They should conclude the agreement on the basis of good behaviour and well-being. My point is that a fruitful debate on ethics and public policy can begin by separating ethics from morality, to reduce the weight of the value of ethics. The development of accepted public policy standards will be much more difficult if we address an agreed morality that informs the content of public order in relation to my proposed approach to an agreed ethic that informs our role in the organization and management of public policy processes. My distinction is between morality as a world of deep substance and ethics as a flatter world of process. We live in both worlds, of course, but I suggest that ethics mark the agreed social space that we share when we play our assigned role in the public order process; and morality characterizes the personal space of the individual consciousness, which I share with my community of faith, no matter how small or small. What kind of ethics will serve our common goals, given that there are as many legitimate political communities as there should be in a democracy? My answer is an ethic of ordinary procedure, considered fair by as many political participants as possible. One of the ethical foundations of public order is the agreement on standards for due process by those who share the establishment and implementation of public order. Making these political relations correct means that we can recognize our common public role so that we can then agree on what the actors of the political process can reasonably expect from each other. Creating ethical foundations is therefore an exercise in building communities. Ethics has many dimensions.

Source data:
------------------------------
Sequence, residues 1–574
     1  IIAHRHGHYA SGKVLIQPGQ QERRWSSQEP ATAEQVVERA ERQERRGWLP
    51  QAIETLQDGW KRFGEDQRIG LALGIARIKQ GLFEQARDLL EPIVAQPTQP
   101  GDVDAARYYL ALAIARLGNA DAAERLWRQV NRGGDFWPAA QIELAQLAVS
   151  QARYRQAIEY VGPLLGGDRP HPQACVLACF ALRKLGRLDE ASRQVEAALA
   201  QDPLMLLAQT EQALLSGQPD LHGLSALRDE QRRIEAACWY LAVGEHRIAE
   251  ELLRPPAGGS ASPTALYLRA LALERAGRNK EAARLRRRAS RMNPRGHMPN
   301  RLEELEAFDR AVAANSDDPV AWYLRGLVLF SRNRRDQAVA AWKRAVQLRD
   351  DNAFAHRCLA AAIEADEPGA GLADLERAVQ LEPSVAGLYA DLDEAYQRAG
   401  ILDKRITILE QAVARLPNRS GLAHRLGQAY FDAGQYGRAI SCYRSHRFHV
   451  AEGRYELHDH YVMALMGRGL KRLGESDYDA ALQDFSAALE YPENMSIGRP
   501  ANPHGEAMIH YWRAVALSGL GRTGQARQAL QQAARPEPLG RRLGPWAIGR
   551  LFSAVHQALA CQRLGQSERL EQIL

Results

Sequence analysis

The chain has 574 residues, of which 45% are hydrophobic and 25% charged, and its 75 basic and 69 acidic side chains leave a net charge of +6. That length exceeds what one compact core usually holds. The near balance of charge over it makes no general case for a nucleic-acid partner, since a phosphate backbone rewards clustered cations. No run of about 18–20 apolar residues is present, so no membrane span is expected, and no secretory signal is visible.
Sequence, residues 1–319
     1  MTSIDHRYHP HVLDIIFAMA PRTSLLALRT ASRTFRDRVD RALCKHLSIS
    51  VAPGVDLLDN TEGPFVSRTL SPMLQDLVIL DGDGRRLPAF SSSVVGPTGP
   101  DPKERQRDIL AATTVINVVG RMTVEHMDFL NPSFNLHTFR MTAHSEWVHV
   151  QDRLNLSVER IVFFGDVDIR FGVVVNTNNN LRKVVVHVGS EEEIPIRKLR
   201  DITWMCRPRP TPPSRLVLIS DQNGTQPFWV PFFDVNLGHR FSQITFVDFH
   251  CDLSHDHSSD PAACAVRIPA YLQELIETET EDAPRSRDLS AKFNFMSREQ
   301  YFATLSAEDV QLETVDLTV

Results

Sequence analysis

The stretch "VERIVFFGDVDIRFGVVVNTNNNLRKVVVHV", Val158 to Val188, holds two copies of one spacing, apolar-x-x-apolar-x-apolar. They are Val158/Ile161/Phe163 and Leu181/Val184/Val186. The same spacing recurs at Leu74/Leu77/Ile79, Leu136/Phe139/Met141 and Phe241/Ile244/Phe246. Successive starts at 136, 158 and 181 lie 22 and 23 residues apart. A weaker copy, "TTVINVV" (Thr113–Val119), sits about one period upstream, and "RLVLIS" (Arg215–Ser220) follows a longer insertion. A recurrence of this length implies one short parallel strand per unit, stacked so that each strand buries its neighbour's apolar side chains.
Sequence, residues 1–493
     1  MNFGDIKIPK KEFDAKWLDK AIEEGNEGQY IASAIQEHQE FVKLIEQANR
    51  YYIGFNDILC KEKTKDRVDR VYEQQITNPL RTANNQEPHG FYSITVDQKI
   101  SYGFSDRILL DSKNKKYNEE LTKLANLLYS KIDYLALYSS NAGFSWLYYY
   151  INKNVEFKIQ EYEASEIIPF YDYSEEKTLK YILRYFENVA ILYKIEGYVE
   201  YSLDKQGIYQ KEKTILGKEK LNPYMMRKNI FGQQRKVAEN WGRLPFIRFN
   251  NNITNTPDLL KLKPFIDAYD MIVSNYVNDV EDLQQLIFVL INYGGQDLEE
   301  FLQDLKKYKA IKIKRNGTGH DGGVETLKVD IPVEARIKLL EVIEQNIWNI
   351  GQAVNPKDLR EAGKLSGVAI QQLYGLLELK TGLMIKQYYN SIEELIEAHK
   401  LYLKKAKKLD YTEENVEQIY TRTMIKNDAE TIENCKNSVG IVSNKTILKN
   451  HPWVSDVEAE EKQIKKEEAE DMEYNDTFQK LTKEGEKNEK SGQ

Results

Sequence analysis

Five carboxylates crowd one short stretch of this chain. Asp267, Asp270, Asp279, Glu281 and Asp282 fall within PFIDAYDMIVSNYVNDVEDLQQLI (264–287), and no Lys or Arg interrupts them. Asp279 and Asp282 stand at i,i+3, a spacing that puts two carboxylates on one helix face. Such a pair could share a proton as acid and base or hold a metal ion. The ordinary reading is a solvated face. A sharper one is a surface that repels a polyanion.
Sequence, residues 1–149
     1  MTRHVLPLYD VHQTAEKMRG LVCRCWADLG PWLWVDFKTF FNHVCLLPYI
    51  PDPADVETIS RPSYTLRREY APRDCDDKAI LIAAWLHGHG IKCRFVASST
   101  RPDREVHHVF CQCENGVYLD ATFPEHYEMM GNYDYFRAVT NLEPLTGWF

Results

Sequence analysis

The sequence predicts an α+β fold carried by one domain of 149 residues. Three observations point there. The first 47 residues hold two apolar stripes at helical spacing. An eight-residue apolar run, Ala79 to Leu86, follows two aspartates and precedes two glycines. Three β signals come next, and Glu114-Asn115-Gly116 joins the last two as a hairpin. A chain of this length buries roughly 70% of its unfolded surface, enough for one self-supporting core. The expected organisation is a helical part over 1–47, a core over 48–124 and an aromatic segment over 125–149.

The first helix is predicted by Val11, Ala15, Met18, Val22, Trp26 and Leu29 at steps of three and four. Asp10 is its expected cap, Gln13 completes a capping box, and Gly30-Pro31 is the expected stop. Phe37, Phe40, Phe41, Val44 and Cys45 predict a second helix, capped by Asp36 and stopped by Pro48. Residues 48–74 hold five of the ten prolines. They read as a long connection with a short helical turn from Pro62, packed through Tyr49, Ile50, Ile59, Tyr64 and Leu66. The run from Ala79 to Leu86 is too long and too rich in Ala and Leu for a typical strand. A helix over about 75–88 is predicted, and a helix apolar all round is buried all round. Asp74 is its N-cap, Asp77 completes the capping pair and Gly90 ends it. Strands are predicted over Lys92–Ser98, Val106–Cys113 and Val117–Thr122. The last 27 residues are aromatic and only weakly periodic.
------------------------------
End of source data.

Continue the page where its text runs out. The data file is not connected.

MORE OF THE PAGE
I will shortly present my own political definition of ethics as not only individual”s “good conduct” but also “correct relations” between those who share political responsibilities. But before moving forward with my own definition, I would like to resign and learn about another political definition related to utilitarianism: the philosophical doctrine linked to influential political reforms in the 19th century, which contains a difficult alternative to my own approach to ethics and public policy. This influential ethical doctrine also concerns the relations of public power, but not the one that many contemporary democrats would call their own. I will check out the place of a fascinating school of esotericism in democratic public policy, inspired by the English utilitarian social theory of the 19th century, recently revived by Peter Singer.  This school of political thought has influenced political analysts not only in England, but also in the English-speaking world. Contemporary “ethical entrepreneurs” who want lessons on how to “make democracy more ethical” find them in classic utilitarian theorems like Sidgwick. Sidgwick stands out as an exemplary theorist of ethics and public order, which would reinforce the importance of elite school policy in what it is called “esoteric” social education, emerging democracy, by favouring a higher social morality but hidden by the lower social morality of the democrats. Sidgwick`s criticism of the promotion of “the utilitarianism of the house of government”: a form of political paternalism, no different from colonial rule, where a ruling class does the best to promote the well-being of peoples subject to it, to the point of concealing the underlying utilitarian logic of government programs, if it helps to cement the adherence of the population (Williams 1993 108-10).  John Rawls presented Sidgwick in his A Theory of Justice (1971) as an eminent representative of the (unqualified) virtues of utilitarianism.  This chapter recalls the role of political elites in democratic political systems and warns against the return of unethical use of “ethical discussions” in democratic public policy.